Raising well-mannered children is a goal for many parents. If it s an ongoing battle at your house you re not alone.

A Reader s Digest survey shows most Americans believe we are more rude today than we were 20 years ago.

Cassandra Givan teaches students as young as two and three to start using a napkin and say please and thank you.

It s like potty training, if you wait until they are four to introduce the concept, it will take longer for it to become part of the routine, explained Givan.

She uses role playing and video to introduce and reinforce concepts.

Student Parker LaRiviere remembers watching a video of The Manners Monster many years ago.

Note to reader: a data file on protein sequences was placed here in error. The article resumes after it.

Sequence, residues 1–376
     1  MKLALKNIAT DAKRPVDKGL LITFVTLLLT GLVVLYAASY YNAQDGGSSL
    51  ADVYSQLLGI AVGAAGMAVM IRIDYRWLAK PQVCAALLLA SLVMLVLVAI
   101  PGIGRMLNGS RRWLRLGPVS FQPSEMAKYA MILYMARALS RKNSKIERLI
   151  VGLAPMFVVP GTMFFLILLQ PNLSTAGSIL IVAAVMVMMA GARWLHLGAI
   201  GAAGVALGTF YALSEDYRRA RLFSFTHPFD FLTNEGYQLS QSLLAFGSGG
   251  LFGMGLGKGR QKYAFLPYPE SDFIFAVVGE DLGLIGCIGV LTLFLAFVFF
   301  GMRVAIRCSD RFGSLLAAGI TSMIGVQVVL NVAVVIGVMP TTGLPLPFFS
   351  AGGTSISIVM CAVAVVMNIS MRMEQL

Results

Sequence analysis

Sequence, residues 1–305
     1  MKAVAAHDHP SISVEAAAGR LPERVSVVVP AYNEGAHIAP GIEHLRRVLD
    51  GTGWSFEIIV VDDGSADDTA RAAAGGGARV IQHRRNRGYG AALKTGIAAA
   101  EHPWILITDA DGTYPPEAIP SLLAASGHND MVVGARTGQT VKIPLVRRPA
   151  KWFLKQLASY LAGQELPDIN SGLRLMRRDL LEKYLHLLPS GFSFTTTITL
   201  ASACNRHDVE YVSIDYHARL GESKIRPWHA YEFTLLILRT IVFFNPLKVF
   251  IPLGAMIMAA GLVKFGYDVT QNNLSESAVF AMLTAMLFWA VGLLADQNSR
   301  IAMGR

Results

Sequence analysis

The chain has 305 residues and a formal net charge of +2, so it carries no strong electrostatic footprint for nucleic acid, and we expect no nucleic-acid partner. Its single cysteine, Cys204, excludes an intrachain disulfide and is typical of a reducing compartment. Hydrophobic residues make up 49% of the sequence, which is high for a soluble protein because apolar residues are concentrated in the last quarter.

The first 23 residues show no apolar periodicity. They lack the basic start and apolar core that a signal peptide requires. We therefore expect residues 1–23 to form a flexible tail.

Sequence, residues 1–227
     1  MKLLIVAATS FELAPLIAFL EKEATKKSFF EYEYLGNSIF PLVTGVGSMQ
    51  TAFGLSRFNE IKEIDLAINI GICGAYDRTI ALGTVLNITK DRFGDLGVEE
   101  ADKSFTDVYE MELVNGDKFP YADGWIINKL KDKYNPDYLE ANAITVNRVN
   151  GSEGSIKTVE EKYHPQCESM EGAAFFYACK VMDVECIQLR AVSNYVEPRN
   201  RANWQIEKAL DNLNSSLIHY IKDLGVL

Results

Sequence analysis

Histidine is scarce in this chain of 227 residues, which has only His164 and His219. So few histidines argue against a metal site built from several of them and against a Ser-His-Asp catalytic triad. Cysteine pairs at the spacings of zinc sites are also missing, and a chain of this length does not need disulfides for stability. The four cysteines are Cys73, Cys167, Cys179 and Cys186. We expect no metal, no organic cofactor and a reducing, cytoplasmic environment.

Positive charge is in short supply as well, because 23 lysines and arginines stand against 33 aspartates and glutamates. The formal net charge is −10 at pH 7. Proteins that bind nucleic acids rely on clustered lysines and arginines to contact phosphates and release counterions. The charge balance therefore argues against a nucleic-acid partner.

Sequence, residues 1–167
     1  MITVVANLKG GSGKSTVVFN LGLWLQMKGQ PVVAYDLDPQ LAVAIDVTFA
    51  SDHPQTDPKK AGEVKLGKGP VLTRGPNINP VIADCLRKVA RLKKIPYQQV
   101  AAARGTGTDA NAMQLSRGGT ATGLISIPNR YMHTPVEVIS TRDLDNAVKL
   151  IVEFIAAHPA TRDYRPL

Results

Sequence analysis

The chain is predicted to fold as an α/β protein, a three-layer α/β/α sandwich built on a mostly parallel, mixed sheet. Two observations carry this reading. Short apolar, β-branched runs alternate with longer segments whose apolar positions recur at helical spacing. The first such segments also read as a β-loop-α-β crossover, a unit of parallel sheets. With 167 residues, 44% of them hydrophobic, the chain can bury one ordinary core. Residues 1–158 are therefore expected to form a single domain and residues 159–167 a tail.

He taught me to pretend to cough when I have to burp, he recalled It still works every time.

The middle schooler also learned to set a table in a Manners on the Go class offered by Givan.

If they set the table they ll be more interested in behaving once they sit down, she explained.

She gives the students several cues, like fork has four letters and so does left. It s a reminder for where silverware is placed.

Students are also taught to pay attention to the flow of conversation.

If they finish first, they haven t talked enough and if they finish their food last they have talked too much, remarked Givan.

When it comes to cell phones, Givan teaches the students to silence them.

If they re expecting a call from a parent, they can put it on vibrate and let guests know they ll have to leave the table if the phone buzzes.

She also recommends rewarding a child s good manners.

In my class we give the golden fork award, she concluded.

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